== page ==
I don’t watch horror movies. I refuse to. When people ask, I tell them there’s enough in the world to be afraid of – why would I pay someone to scare me? I’m spending all my time trying to work up courage just to live life. But what I didn’t realize was that I was contributing to my fear problem. 

I’m a news junkie. I like to know how the Euro is doing and read up on the elections in Egypt, the skirmishes and disturbance in Syria, the heroics of Chinese men and women who stand up to an evil government. But the news and rumors of bad things present and future were wearing at me, setting my heart on edge like a horror movie with no ending. I was obsessed with what I thought was knowledge of current events, but it was just fear in disguise. In my desire to be updated and prepared, however, I kept reading, devouring the latest, drawn to the headlines of terror and destruction like a moth to flame. 

Well, this camouflaged anxiety did its work on me, but it was so slow, I didn’t realize the impact. I stopped dreaming, about simple things. I stopped thinking about a doctorate, about developing my career, about writing that book I’ve been meaning to write. I even stopped dreaming about a future for me and Josh, for my children, growing up and old together. Everything felt finite, and the end felt near. I just had to wait for it. I knew too much, so no sense in getting published or thinking of the next million dollar idea. The dollar’s about to crash anyway. [Yes, I know: Debbie Downer, right? But this is the mind of the anxious apocalyptic. A sad place to live.]

The other day, my husband called me out. “If you won’t watch horror movies, why are you reading all the finance and economy blogs? They have the same effect on you.” And they were. It was like I was addicted to bad news, to the bizarre thrill of being in the know about all the doomsday proclamations. I would be ready when they came. But all this “knowledge” robbed me of my joy, my hope and my dreams. Only thing was, I let these burglars in the house. Didn’t even stop them. 

Well, Josh’s words resonated strong. (I know truth when I hear it…sometimes.) I knew something had to give. He told me, “It’s time to start dreaming again. Take back your hope. You need one year to let yourself think anything is possible.” That was his challenge – take a year to dream up anything like there’s no end in sight. What he didn’t know is I’d already been thinking of a 365 daily writing project. I just didn’t know what to write about yet. Meanwhile, I recently mused on the pain and danger of hope here and tried to talk myself back into it. 

Dreams are like this: wide open spaces of beautiful possibility. [Photo credit: Sarah Siders, Flint Hills]

Now I have a vision. Dreaming: a whole year of non-stop idea-generating powered by hope- fueled imagination leading to creativity and innovation I’d never see with the news channels playing in the background.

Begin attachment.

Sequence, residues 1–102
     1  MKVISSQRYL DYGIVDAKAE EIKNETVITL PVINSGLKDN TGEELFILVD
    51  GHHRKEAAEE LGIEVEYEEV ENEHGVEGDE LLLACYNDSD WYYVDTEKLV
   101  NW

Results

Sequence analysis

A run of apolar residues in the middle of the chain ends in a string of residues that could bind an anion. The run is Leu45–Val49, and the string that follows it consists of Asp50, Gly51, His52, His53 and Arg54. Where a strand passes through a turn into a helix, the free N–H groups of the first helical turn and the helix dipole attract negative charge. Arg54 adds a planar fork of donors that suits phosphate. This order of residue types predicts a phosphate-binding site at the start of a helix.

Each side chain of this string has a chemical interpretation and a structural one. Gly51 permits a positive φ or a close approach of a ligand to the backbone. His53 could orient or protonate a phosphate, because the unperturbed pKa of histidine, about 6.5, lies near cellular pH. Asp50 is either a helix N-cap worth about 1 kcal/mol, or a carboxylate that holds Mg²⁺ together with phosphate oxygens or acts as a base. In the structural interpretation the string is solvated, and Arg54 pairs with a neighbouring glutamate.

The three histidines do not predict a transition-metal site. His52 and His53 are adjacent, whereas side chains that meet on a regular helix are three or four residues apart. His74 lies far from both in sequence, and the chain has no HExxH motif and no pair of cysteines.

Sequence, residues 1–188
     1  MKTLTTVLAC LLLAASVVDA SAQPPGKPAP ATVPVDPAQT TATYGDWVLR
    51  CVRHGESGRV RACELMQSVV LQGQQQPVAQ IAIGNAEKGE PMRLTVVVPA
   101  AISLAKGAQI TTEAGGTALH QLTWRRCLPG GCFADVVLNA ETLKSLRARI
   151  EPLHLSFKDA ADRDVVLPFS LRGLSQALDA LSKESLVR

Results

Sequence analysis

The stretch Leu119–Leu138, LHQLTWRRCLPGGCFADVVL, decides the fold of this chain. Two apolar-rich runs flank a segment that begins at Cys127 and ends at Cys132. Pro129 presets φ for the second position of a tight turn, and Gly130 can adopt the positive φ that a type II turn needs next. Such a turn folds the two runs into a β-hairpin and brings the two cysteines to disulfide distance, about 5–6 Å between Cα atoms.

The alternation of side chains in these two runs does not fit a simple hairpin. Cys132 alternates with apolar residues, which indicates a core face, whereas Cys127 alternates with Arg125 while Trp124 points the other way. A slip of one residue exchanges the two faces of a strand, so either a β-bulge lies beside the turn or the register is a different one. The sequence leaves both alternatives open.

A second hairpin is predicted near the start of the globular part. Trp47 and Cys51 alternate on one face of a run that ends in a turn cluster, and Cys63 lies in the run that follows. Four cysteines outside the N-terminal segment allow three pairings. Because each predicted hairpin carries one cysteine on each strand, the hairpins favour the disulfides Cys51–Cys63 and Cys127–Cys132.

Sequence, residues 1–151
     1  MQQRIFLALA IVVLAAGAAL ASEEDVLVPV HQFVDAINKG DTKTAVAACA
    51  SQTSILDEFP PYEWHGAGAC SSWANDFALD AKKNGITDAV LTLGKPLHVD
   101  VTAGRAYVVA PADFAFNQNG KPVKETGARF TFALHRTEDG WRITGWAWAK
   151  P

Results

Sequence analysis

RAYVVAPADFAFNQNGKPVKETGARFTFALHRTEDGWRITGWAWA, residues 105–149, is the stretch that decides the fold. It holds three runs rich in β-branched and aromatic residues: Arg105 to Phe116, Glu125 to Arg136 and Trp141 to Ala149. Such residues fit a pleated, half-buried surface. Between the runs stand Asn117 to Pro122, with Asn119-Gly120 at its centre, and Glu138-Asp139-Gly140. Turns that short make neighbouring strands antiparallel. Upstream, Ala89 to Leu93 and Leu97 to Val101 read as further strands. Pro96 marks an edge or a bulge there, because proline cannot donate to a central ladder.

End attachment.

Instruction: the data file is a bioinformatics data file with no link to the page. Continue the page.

I think I speak for many people in the defeat we feel from fear. If we’re truthful, we know fear has beaten most of us. We learned how to be afraid a long time ago, and it changed our breathing, our thinking, chopped the legs off our risk, intimidated our dream-ability. We vacillate between apathy and obsessive control in order to manage our cowardice and figure out where we fit in the world.

I’ve been a fear victim most of my life, hesitating, failing, standing along the wall while letting others take their chances. Sitting out felt safe for a while, but now that I’m 30, it’s dreadfully dull. The reason I’m bored is because I stopped dreaming. I’ve been waiting for the collapse of the world as we know it, and the books I meant to write, the languages I meant to learn, the trips I meant to take – I put them all on hold. Just so I could sit here and wait for the apocalypse.

The 365 Dream Project is me moving out of survival mode. It’s the start of something, taking risks, maybe. But definitely hope for a future. It’s me taking back the chance to talk with God and dream of what I want for my family, my career, my husband, child, house. To dream of a garden and another kid or three, dream of travel. And I want to dream not just for me, for the three of us, but for justice and freedom for the oppressed, sex-trafficking rings shut down, oppressive governments replaced, the church of American rising up to care for the downtrodden and marginalized. Radical living. Artistic permission. Worship everywhere. This dreaming is thrilling, but more than that, it’s essential.

And that’s what the 365 Dream Project is about. A daily word and picture of what could be. Because before anything revolutionary can ever happen, people have to dream. I, We have to dream. I give you permission to take your hope back and dream with me too, from 7-7-2012 to 7-7-2013. Let’s go for it.